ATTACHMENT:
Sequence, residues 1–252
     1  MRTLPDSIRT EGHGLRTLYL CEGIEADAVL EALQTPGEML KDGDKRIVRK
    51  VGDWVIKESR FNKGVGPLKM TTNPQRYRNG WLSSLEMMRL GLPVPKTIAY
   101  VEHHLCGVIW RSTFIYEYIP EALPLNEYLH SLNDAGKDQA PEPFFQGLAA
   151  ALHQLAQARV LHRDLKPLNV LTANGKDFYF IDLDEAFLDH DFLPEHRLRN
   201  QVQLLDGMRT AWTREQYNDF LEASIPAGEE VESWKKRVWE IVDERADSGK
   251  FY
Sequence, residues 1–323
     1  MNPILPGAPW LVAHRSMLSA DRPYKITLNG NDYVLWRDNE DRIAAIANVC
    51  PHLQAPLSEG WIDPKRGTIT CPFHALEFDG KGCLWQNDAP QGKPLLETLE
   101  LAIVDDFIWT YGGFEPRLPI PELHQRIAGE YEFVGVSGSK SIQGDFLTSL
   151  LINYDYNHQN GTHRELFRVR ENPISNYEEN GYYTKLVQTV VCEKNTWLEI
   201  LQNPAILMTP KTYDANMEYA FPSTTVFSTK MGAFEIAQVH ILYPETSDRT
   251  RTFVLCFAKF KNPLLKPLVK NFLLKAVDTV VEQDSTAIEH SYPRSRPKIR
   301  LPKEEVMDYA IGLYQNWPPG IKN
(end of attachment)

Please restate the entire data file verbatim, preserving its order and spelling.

Sequence, residues 1–252
     1  MRTLPDSIRT EGHGLRTLYL CEGIEADAVL EALQTPGEML KDGDKRIVRK
    51  VGDWVIKESR FNKGVGPLKM TTNPQRYRNG WLSSLEMMRL GLPVPKTIAY
   101  VEHHLCGVIW RSTFIYEYIP EALPLNEYLH SLNDAGKDQA PEPFFQGLAA
   151  ALHQLAQARV LHRDLKPLNV LTANGKDFYF IDLDEAFLDH DFLPEHRLRN
   201  QVQLLDGMRT AWTREQYNDF LEASIPAGEE VESWKKRVWE IVDERADSGK
   251  FY
Sequence, residues 1–323
     1  MNPILPGAPW LVAHRSMLSA DRPYKITLNG NDYVLWRDNE DRIAAIANVC
    51  PHLQAPLSEG WIDPKRGTIT CPFHALEFDG KGCLWQNDAP QGKPLLETLE
   101  LAIVDDFIWT YGGFEPRLPI PELHQRIAGE YEFVGVSGSK SIQGDFLTSL
   151  LINYDYNHQN GTHRELFRVR ENPISNYEEN GYYTKLVQTV VCEKNTWLEI
   201  LQNPAILMTP KTYDANMEYA FPSTTVFSTK MGAFEIAQVH ILYPETSDRT
   251  RTFVLCFAKF KNPLLKPLVK NFLLKAVDTV VEQDSTAIEH SYPRSRPKIR
   301  LPKEEVMDYA IGLYQNWPPG IKN